Soar Together @ Air and Space Virtual Family Day: Objects Tell Stories
How can objects and collections help us understand the past and present? What kind of stories do they tell?
This month, we will explore this question, and show you how to discover more about your family story through objects and photos.
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The Smithsonian Institution has been around for 175 years and has grown into the world's largest museum complex. The National Air and Space Museum, whose building opened in 1976, is just one of the Smithsonian's 21 museums.
We have the world's largest collection of objects related to aviation and space. The Museum's collection encompasses some 60,000 objects ranging in size from Saturn V rockets taller than 30-story buildings and jetliners that can fit hundreds of people to space helmets to microelectronics. One-third of the Museum's aircraft and spacecraft are one-of-a-kind or associated with a major milestone!
Our museum's mission is to "Commemorate, Educate, and Inspire" and our collections help us do that!
Activity: Images and Photos Tell Stories
Just like reading a book, images can tell us a lot about what is happening at a certain point in time. Learn how to study an image and then give it a try yourself!
Step 1: Watch
Get an introduction to reading images from space history curator, Jennifer Levasseur.
Watch how one of our curators emeritus, Tom Crouch, "reads" a famous historical photo - the Wright Brother's First Flight.
Think about it!
- What kind of information did Curator Crouch point out in the photo?
- Did you notice that he used a combination of things he knew already and things he observe in the image?
Step 2: Learn
Follow these tips on how to "read" a photo:
- Use stick notes or make notes on a copy of the photo you want to study, so you don't ruin the original image.
- Read the image like you would read a page in a book. Start at the upper left corner and move across the image.
- Label things that stand out to you or that you think are important.
- If you don't know what something is, circle it and add a question mark so you can ask someone about it later.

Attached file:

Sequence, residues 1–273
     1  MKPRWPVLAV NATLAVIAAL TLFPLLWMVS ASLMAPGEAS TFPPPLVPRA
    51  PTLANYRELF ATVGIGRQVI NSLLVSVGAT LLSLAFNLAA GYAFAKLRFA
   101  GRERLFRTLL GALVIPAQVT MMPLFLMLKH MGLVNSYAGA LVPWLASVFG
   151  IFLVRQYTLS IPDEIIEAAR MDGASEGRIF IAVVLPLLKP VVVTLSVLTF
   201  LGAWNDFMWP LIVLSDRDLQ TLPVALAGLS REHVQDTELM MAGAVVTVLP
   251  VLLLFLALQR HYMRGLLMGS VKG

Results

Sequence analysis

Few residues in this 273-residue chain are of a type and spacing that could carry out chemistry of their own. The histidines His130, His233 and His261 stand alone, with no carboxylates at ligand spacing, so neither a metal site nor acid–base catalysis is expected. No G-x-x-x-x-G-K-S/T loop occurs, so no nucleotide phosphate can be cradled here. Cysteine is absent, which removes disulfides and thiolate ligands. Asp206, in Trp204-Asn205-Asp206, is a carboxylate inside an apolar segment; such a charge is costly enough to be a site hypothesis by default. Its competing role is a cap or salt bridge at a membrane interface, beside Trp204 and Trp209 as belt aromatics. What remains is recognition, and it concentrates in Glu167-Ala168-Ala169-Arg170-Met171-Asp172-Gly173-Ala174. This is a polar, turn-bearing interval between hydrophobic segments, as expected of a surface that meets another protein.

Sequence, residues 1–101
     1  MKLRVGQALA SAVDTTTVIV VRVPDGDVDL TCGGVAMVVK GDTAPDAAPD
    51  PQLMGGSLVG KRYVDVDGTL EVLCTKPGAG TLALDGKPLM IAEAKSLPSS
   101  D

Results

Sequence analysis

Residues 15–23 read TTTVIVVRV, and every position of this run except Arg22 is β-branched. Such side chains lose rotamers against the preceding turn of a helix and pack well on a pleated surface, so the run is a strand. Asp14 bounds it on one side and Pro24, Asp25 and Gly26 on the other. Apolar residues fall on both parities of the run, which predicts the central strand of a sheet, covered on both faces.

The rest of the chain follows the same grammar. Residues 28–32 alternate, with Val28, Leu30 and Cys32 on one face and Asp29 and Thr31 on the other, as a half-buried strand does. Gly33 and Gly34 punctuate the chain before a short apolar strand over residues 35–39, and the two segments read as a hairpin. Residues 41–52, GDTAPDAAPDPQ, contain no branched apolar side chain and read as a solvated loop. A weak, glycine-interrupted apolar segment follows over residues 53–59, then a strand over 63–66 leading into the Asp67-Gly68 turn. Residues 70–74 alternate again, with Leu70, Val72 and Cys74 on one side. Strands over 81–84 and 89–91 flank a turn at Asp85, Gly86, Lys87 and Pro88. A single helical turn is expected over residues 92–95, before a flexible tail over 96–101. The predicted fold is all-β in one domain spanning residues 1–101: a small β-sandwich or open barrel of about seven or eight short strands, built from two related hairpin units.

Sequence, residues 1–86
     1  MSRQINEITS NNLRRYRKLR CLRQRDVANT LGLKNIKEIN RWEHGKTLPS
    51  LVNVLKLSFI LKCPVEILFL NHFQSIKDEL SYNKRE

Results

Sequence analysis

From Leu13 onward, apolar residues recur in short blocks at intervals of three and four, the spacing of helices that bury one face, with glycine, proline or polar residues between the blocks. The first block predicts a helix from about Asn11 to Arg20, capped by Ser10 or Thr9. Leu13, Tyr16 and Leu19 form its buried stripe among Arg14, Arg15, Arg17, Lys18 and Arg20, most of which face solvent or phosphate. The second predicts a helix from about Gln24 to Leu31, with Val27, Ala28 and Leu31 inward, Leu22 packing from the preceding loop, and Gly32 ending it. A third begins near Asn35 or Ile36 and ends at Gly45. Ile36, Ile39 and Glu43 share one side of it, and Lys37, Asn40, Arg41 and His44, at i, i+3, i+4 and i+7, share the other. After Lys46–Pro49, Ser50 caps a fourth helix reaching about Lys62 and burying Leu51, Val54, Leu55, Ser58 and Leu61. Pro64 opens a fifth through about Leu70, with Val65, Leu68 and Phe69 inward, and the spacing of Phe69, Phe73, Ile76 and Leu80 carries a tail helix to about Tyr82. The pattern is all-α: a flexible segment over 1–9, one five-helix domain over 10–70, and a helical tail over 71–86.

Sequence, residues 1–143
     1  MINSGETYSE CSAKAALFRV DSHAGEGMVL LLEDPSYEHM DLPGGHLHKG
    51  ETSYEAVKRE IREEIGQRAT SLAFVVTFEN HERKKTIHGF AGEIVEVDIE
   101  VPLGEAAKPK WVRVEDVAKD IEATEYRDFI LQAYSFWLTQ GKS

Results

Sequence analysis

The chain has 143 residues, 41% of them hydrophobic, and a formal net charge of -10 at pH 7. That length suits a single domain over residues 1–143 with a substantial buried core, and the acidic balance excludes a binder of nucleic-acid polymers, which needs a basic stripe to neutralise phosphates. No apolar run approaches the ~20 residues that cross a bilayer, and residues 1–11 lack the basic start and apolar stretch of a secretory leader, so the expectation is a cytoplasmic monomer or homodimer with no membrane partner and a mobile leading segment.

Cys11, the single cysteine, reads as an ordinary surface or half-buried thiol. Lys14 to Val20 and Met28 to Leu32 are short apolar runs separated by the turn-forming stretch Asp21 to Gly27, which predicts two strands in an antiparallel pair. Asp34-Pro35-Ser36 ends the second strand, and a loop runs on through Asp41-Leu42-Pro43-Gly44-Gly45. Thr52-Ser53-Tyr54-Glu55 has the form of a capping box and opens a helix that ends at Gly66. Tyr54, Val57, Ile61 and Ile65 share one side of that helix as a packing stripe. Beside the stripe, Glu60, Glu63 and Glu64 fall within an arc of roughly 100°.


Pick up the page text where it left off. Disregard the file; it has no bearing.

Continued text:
Step 3: Practice on a famous photo
This image from the first moon mission, Apollo 11, is one of the most popular historical images. The astronaut in the image is Buzz Aldrin and he's standing on the moon!
Try to note and observe 5 things on the photo.
Step 4: Compare
Watch this video and compare your reading to one of our curators, space history curator, Jennifer Levasseur.
Step 5: Read a family image
Now practice "reading" one of your family photos!
Think about it!
- What can you find out about your family from looking at photos looking more closely and paying attention to details?
- If you have questions, ask your family members. It's a nice way of remembering moments in your family timeline.
Activity: Objects Tell Stories
Museums collect objects that tell stories about people in history, or to remember moments in time so we can learn and prepare for the future. The National Air and Space Museum has some unexpected objects in our collections because they tell stories about air and space history. Scroll through the carousel to learn more!
Try it Yourself!
Step 1: Choose one of these options to get started:
Option 1: Find an object in your home or a family member's home that you are curious about.
Option 2: Ask a family member to choose an object that is special to them.
Step 2: Interview your family member about it. Here are some sample questions to ask:
- Where did you get the object from?
- Why is it special to you?
Explore Smithsonian Open Access
At Smithsonian Open Access, you can search nearly 3 million 2D and 3D images and use them however you want to use them, without permission from the Smithsonian! Watch this video to learn more and then start exploring at https://www.si.edu/openaccess
Soar Together @ Air and Space is made possible by the generous support of Northrop Grumman.